MONTPELIER, Vt. (AP) — Legislation that would make it easier to take guns from suicidal people and perpetrators of domestic violence could receive final approval from the Vermont Legislature this week and Gov. Phil Scott supports the proposals, officials said Monday.
Democratic Sen. Richard Sears, the chairman of the Senate Judiciary Committee, said Monday he felt the separate pieces of legislation could reach Scott's desk by the end of the week. House Judiciary Chairman Maxine Grad, also a Democrat, said she expected the legislation would pass, but she didn't know if the bills could reach the governor's desk so quickly.
Vermont lawmakers appear to be on the verge of passing the most significant changes to the state's gun laws in years.
"It is a big deal," said Grad, who has been working with Sears so the two committees can iron out the differences between the different pieces of legislation.
"I think the bills that we have been passing really create a balance in terms of maximizing public safety and preventing gun deaths and gun violence while supporting and maintaining Vermont traditions," she said.
Grad and Sears made the comments a day before the Vermont House of Representatives is expected to give final approval to a separate piece of legislation that would raise the legal age for gun purchases, expand background checks and ban high-capacity magazines and rapid-fire devices known as "bump stocks." The legislation, which was given preliminary approval on Friday, will need to be reconciled with a Senate version passed earlier this month before it could become law.
It's unclear how long it would take the House and Senate to reconcile the competing versions. Sears said his first choice would be to appoint a House and Senate conference committee to iron out the differences. Grad said it's up to the Senate to deal with the legislation passed by the House.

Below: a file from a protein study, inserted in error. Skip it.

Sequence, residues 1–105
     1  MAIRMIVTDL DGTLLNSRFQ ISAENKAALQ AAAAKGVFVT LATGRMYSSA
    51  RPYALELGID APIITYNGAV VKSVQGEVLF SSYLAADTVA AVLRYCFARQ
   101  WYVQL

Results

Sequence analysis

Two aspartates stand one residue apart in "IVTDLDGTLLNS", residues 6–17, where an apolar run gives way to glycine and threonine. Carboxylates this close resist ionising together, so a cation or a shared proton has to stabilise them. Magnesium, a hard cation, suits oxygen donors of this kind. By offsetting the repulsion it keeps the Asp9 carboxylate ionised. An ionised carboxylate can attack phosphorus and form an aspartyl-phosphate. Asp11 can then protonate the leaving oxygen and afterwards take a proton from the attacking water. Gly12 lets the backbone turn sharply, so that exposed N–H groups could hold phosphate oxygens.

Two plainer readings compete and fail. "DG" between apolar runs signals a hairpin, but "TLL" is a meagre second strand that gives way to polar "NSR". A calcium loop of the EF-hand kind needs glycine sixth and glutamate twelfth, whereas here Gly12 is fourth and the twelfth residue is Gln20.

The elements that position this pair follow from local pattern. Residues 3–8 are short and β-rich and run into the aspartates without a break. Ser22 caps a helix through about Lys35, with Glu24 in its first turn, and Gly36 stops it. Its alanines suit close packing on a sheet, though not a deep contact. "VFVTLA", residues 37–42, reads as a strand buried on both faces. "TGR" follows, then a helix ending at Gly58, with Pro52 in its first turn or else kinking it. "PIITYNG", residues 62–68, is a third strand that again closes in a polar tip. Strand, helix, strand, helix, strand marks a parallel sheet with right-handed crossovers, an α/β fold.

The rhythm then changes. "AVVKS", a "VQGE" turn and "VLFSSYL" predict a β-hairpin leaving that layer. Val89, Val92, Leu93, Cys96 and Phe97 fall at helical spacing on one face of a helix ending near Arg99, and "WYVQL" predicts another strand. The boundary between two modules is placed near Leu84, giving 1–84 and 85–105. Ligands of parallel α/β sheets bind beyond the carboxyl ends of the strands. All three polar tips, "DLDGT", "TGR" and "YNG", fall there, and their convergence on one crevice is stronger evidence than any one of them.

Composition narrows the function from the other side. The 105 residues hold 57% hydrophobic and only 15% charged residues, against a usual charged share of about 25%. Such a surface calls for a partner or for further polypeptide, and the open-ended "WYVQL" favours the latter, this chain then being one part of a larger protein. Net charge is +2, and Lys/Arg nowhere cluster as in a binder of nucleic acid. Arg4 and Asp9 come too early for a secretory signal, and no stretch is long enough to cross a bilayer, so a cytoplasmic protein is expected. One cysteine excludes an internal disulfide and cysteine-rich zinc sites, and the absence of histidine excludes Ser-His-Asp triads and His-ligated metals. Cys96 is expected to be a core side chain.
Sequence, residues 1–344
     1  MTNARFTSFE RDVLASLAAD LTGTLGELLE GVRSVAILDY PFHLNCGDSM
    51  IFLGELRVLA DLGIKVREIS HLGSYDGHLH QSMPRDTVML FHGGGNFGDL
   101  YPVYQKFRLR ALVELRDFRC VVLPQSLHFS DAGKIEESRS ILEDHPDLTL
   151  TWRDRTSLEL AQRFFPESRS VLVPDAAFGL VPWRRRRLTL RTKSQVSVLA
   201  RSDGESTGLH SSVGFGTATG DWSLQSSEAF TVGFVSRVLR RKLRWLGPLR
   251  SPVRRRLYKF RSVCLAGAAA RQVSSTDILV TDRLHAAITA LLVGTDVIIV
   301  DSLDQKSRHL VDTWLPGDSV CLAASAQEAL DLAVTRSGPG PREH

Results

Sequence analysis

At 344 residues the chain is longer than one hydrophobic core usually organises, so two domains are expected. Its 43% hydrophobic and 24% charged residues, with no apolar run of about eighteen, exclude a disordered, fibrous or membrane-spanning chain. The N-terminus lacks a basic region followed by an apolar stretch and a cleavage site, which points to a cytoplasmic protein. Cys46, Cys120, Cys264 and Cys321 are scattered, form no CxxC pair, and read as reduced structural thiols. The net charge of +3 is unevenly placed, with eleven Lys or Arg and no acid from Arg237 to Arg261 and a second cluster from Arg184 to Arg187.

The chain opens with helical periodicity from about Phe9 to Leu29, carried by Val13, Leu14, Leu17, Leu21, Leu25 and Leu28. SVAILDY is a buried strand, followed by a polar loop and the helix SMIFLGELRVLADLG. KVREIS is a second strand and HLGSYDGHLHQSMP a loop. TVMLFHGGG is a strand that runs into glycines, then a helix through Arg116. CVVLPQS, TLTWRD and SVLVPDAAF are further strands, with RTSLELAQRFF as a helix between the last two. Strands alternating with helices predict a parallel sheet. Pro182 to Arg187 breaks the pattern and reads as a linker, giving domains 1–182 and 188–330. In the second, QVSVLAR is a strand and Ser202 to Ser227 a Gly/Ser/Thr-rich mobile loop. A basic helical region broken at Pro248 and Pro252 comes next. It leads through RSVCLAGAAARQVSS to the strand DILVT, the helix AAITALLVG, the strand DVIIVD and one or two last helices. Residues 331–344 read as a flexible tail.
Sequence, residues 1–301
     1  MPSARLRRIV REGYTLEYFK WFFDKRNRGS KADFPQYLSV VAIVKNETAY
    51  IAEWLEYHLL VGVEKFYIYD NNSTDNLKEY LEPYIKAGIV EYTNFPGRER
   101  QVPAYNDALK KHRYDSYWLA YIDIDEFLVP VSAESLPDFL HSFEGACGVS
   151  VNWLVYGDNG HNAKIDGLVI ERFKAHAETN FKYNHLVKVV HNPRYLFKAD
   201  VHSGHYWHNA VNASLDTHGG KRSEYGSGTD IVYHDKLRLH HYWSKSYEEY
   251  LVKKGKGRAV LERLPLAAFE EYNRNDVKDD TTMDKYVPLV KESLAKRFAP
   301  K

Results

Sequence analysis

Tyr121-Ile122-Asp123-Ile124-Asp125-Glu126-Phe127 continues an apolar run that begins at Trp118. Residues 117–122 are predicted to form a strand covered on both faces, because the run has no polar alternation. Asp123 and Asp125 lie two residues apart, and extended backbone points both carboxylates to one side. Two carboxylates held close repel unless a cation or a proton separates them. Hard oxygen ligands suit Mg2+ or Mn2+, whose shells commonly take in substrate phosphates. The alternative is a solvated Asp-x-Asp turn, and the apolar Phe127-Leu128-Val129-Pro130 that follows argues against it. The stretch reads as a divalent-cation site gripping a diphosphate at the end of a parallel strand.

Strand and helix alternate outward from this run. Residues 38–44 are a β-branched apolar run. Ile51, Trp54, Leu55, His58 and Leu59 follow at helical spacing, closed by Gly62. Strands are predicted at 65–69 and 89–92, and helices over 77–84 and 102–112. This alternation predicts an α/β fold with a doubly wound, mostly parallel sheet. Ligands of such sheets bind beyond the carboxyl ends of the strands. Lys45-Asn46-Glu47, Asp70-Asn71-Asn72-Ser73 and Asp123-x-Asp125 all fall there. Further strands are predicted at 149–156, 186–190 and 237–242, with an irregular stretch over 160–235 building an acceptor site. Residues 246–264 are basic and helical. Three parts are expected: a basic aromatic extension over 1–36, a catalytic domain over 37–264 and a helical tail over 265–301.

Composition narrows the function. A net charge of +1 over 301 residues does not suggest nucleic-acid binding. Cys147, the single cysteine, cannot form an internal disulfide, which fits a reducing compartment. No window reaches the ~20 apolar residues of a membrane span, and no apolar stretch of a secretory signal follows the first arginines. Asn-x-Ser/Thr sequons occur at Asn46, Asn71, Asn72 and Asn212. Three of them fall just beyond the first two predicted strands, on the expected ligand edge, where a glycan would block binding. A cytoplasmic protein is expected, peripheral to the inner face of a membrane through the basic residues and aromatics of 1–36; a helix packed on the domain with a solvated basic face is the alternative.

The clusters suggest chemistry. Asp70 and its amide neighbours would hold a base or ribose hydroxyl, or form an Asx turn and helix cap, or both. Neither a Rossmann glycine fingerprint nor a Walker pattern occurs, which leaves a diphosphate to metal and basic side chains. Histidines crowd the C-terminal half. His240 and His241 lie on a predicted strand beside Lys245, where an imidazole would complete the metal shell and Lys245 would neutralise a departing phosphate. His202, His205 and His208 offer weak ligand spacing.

The push for gun control legislation came after Vermont police broke up what they said was a plot by a Poultney teenager to shoot up the Fair Haven Union High School. He was arrested the day after the Feb. 14 shooting at a Parkland, Florida, high school that killed 17.
In the bill aimed at taking guns from suicidal people, police would be able to seize firearms with a judge's order. The other proposal would allow police to remove guns in cases of possible domestic violence while allowing a quick hearing to justify the seizure.
A spokeswoman for Scott said he supports the two pieces of legislation that are expected to receive final approval as "commonsense reforms that keep guns out of the hands of those who should not have them."
Grad said that once these pieces of legislation are finished the Legislature is considering a number of other proposals to enhance school safety.
Sears said that in a five-year period, 90 percent of Vermont gun deaths were due to suicides and half of the state's homicides are incidents of domestic violence, which in many cases are carried out with firearms.
"I think both bills deal with what are Vermont's real gun-related problems," Sears said.
This story has been corrected to show House legislation to expand background checks needs to be reconciled with a version that has passed in the Senate.